By | May 12, 2012

Oh yes, I named her already…  It’s bad….

I failed the last post to outline where I’m going with this build diary/journal thingy – let me rectify that now.

1 – Picking my body, neck and equipment (double entendre intended)

2 – Selecting the guts inside the fair lady (this post and next)

3 – How to wire a three humbucker (H-S-H Sizes) Stratocaster style control with my added flavor

4 – Receiving and cataloging gear as it comes in

5 – Build Step 1 – Add the big bits and make it look like a guitar

6 – Build Step 2 – Routing and wiring and soldering, oh my!

7 – Finish work (knobs, switch caps, tuning machines, etc)

8 – First time making noise!

9 – Problem solving

10 – Final product..

If my luck holds and my estimating skills are decent I’m at the end of 10 with a coprophagia grin that is etched on my face!  Onto installment #2 (more dbl entr)…

After placing my order with Warmoth, I was onto the business of figuring how to make the guitar sing.  This means choosing how the sound will eventually get from the strings to the output jack (and out there…).  Starters were the pickups – for the uninitiated (and maybe some of the old timers) pickups are nothing more than magnets, copper wire (mostly) and a housing to make it work in a gorilla pawed customer base.  The special thing about pickups is the WAY in which those components are selected, what order they are built in and the rules used when winding the wire around the magnets.  Over the history of the industry, the pup-wonks (pickups are abbreviated as pups, pu’s or pup in this world) have literally wound millions of pickups and designed I’m sure in the thousands of variations that  make the cut to the marketplace.  Crazy art associated with the mad scientist and modern engineering manufacturers use.

Enough of me gushing – Bertha has a three pups design (Neck, Middle and Bridge – named so as it’s just above the component called the ‘bridge’).   Before I begin, let me preface to avoid a veritable storm of h8rs my way – pickup selection is as personal as which operating system, church, political party or any other purely optional choice.  There are those who are incapable of seeing choices beyond their own as OK – I’m not writing FOR you; I’m sharing WITH you and if it’s not content befitting you eyes please take appropriate action (re: cya).  (whew)

After much toil and search I chose the Seymour Duncan company over DiMarzio and a host of others – not primarily because product is better because there’s just no way to know before you’ve played them yourself.  It was mostly based on experiences I’ve had with SD in the past, and I figured it would be a good start.

Typically (in my experience) pickups in the neck have the most bold tone in the pickup package.  Think of “Freebird” and the heavy rhythm work starting midway in that Lynyrd Skynyrd song – I’d describe the neck pickup as the chunky guitar in the slight background just killing the chords to underpin everything else going on.  They are thick sounding pups compared to the other two positions.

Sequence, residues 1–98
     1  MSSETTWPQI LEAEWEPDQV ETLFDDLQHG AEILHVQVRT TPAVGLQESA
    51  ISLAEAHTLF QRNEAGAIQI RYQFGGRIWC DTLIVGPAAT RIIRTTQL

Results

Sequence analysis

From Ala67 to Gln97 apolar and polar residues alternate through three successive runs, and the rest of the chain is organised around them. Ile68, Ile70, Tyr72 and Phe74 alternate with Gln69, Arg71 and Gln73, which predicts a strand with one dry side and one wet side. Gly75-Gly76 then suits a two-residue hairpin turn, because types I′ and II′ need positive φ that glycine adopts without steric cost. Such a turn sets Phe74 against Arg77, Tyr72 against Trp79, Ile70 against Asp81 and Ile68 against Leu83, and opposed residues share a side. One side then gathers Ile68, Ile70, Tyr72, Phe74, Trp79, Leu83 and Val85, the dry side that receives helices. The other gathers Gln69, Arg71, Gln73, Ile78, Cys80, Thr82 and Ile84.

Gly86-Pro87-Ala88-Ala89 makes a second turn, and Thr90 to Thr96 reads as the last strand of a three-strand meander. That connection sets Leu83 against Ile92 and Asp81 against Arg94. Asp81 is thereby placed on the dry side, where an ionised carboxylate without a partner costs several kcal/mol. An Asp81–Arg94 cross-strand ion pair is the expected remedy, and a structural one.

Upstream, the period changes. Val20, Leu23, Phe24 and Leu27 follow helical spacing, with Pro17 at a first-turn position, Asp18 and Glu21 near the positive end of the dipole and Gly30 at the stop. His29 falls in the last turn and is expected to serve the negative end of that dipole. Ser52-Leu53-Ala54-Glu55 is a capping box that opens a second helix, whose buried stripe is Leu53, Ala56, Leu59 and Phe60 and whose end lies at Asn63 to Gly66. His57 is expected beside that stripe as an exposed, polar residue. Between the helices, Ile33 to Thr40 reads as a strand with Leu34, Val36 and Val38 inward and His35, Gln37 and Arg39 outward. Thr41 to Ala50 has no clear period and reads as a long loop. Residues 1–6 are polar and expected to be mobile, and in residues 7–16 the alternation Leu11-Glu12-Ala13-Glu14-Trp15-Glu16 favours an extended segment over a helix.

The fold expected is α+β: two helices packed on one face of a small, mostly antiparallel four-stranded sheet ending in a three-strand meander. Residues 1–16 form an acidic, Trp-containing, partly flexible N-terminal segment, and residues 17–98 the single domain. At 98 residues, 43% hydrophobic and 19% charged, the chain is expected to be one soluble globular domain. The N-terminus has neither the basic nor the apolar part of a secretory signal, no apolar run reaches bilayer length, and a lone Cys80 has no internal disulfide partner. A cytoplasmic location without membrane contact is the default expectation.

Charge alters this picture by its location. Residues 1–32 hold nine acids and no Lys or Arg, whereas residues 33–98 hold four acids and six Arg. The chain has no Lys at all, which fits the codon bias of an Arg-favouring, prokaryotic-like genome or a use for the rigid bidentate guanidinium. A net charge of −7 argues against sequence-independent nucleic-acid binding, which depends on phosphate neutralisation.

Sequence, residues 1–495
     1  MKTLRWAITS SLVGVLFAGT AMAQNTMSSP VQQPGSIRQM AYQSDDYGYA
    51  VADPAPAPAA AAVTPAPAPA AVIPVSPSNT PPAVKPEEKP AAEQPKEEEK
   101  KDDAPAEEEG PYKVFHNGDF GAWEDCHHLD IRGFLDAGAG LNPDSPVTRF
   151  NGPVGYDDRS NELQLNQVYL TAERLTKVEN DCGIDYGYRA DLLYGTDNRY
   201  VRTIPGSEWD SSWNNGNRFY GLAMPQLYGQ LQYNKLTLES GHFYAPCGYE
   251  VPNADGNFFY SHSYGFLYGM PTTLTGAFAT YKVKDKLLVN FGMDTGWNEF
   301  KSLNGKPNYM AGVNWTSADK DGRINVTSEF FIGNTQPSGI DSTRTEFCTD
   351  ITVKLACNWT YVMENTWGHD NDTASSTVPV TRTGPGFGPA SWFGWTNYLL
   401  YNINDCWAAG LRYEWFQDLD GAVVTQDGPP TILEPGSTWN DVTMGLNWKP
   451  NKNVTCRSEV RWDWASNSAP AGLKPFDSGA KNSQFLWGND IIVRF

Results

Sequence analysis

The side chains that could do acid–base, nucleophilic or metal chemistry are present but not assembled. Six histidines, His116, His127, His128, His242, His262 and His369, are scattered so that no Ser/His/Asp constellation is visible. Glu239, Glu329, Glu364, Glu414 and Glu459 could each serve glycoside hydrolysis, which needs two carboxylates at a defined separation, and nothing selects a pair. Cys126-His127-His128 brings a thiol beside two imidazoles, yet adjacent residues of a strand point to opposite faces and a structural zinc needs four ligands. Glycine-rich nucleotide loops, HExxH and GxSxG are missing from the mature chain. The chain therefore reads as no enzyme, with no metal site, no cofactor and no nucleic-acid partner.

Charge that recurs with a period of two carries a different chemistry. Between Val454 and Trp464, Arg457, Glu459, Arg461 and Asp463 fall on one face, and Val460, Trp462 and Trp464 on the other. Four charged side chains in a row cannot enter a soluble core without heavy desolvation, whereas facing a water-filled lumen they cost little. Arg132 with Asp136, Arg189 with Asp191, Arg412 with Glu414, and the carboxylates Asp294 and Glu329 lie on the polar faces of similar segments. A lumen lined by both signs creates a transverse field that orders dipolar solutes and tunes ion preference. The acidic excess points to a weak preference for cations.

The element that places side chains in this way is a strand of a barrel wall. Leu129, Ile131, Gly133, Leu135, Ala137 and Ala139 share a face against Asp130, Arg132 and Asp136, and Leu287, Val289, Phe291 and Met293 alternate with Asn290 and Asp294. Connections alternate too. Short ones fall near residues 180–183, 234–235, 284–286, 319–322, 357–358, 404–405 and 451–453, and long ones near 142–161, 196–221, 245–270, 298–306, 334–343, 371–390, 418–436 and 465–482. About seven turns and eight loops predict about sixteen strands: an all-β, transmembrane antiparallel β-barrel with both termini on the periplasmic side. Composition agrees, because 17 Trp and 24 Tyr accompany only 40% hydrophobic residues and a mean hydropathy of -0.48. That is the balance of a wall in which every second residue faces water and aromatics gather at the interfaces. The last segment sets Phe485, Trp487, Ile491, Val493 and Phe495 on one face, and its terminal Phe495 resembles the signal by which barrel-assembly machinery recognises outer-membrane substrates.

Next I’m going to jump to the Bridge pup position – this is the selection that we all see soloists or lead guitars take when they want to take hold of the audience;  the sound is thinner and can be nasally in some models.  Bridge pickups are by far the biggest group of pup available from the manufacturers where guitarist want to replace their stock pickup for something with more hair, boost, upper tone and other features mass market pups just won’t have (cuz it’s expensive to build quality most times).

Middle pickups are mostly found in standard Fender Stratocasters where the config is three single coil pups (also shown as S-S-S).  At some point, crazy people (descriptive, not pejorative – I’m crazy!)  started installing and building models with three humbucking pups (also shown as H-H-H) into guitars (See the Gibson Black Beauty Les Paul as reference).  This middle pup is in my eyes a chance to blend tones from the heavier, think tone of the neck pup and the sharp, bright tone of the bridge.  This pickup is used for all kinds of reasons however and they range with the level of loony-ness of the builder/client.

After that explanation I should inform you of my choices – I selected for a chambered Strat; Maple on Swamp Ash. The neck is a Maple w/Pau Ferro fingerboard and a Schaller locker. H-S-H routing (all that stuff matters apparently):

For the Neck – SH-10 Full Shred (7.4k resonant freq; EQ – Treble-8; Mid-4; Bass-4)
For the Middle – SHR-1 Hotrails (10.8k resonant freq; EQ  – Treble-4; Mid-7; Bass-5)
For the Bridge – Dimebucker (16.25k resonant freq; EQ –  Treble-8; Mid-5; Bass-6)

The pickup pictures are posted in the final guitar picture.

(Whew – to keep it managable, the rest of this post is located here – thanks for taking the time to check it out!)

click for full size

Lateness and laziness kept from the perfection pickup photoshop inserts; there’s a better composition shot in the next post. Again, thanks for reading!